Title: RULES AND REGULATIONS FOR CHALLENGE EXAMINATIONS
Date of Inception: March 16, 1987
Purpose: To establish and update CSU policy for Challenge Examinations.
The University has a program by which a current student might be permitted to challenge a course listed in the current catalog and earn credit
for that course unless the course description indicates otherwise. A Challenge Exam
is a special final exam developed and given by the appropriate department*. In some
cases the student is also required to complete papers and/or participate in a presentation
or other learning activities.
Regulations for CSU departmental "Challenge Exams":
- Only Charleston Southern University students of record may receive credit for Challenge
Exams. Visiting, transient or other nondegree students may not take CSU Challenge
- A student may take Challenge Exams during any term with the exception of the term
in which the student graduates.
- No student may take a Challenge Exam for a subject that has already been attempted
and a grade has been received from CSU (i.e., All grades including grades of F, FA,
I, WP, W, WF, and AU).
- A Challenge Exam must be administered by midterm of any term that the student registered.
- Approval for a Challenge Exam must occur during preregistration or drop/add periods
for the term the course is to be challenged.
- Challenge Exams are recorded as a letter grade with grade points and will be calculated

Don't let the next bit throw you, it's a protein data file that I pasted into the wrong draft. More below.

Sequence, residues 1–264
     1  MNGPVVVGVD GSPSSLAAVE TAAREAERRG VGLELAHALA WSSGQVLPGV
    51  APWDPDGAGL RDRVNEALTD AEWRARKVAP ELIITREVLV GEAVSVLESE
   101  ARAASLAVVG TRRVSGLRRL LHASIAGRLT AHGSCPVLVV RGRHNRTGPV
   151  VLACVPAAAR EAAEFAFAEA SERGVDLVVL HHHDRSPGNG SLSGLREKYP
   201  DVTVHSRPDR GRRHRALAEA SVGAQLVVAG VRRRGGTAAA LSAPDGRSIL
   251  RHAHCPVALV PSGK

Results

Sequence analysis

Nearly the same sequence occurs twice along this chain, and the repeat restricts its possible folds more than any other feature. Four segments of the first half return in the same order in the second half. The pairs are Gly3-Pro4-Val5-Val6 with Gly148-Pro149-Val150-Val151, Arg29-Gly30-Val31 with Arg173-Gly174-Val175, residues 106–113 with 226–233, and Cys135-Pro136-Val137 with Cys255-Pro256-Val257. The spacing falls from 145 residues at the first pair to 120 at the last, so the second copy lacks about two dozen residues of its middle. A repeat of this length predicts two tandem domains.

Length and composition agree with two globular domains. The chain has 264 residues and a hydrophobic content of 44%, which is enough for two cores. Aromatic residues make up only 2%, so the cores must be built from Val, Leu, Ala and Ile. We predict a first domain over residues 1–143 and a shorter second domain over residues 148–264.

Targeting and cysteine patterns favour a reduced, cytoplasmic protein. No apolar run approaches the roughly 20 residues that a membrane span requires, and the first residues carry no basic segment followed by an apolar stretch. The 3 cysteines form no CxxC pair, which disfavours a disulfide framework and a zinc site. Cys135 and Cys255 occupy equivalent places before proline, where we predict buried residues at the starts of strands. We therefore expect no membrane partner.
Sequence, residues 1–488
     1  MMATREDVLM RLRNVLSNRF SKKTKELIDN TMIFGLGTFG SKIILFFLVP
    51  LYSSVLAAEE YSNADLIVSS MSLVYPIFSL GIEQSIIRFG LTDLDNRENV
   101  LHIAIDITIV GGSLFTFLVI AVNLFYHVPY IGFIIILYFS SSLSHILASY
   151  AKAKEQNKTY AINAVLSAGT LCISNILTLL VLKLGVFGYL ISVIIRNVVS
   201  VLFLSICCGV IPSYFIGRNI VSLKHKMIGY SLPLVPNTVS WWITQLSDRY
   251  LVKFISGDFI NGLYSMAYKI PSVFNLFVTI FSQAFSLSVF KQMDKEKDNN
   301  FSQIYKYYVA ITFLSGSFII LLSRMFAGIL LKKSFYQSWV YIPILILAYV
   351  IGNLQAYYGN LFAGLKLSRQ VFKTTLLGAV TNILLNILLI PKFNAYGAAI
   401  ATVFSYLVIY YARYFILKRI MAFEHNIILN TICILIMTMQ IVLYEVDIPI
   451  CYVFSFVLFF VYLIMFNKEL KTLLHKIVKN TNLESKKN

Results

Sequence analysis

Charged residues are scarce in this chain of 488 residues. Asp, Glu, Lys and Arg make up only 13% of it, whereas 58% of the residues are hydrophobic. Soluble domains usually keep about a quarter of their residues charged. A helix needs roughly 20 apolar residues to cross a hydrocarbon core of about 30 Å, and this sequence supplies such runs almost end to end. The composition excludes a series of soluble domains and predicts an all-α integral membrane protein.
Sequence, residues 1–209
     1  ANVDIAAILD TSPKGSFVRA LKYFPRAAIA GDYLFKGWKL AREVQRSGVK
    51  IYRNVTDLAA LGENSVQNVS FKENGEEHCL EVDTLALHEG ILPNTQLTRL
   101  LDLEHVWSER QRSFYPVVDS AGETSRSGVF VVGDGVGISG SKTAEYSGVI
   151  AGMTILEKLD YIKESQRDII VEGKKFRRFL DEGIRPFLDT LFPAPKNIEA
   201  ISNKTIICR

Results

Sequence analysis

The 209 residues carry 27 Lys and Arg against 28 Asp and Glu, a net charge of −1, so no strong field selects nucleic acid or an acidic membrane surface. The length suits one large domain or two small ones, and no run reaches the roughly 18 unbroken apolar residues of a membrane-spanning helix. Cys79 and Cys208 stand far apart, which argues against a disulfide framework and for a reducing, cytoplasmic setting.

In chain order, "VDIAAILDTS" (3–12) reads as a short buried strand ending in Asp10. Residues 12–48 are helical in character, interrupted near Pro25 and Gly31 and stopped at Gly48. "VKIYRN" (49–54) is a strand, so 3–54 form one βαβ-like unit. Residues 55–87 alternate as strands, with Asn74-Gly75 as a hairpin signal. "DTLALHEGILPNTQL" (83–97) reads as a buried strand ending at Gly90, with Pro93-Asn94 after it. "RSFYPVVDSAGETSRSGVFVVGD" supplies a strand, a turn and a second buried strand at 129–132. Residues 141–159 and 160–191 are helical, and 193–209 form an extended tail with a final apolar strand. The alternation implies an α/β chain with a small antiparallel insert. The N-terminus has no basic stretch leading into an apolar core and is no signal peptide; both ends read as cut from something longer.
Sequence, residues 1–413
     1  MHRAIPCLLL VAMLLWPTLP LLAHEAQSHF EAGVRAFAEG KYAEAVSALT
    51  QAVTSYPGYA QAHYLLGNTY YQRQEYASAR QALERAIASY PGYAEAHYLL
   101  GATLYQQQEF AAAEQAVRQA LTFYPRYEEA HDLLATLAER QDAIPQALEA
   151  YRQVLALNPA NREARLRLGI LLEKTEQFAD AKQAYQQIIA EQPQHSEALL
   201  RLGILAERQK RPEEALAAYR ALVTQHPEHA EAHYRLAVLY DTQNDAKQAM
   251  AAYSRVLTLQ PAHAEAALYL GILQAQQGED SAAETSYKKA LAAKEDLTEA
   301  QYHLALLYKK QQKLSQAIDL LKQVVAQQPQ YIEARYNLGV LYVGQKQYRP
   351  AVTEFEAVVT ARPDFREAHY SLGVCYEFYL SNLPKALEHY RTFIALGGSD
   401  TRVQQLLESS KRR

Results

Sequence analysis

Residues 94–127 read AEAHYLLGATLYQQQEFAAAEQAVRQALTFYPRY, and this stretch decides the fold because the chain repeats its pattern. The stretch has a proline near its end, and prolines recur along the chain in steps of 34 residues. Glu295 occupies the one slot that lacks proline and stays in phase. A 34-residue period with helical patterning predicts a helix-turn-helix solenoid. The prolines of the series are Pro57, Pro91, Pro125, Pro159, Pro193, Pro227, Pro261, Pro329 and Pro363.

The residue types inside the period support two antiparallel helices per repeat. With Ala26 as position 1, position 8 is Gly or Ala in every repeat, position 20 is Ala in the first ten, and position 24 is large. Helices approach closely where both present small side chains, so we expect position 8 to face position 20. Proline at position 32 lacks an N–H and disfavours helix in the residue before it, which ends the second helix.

in the GPA. This includes any letter grade earned, A through F. Credit received through
Challenge Exams may be used to meet residency requirements. The credit will also count
as an attempt, and the standards for repeating a course will apply (see policy R-48).
- Students taking a Challenge Exam will be charged a $35.00 fee** for each exam taken.
This fee is paid to the professor for processing and administering the exam. This
fee is subject to change without notice. (** Note: Students in the Honors Program
are exempt from this fee.)
* NOTE: When a special standardized exam is administered by a CSU department as the
final exam for a subject, the same exam may be used as a Challenge Exam. Example: The Chemistry department uses exams developed by the American Chemical Society
By action of the Curriculum Committee, March 16 1987, and revisions approved by the
Curriculum Committee on November 19, 1993, November 14, 2000, and November 13, 2012.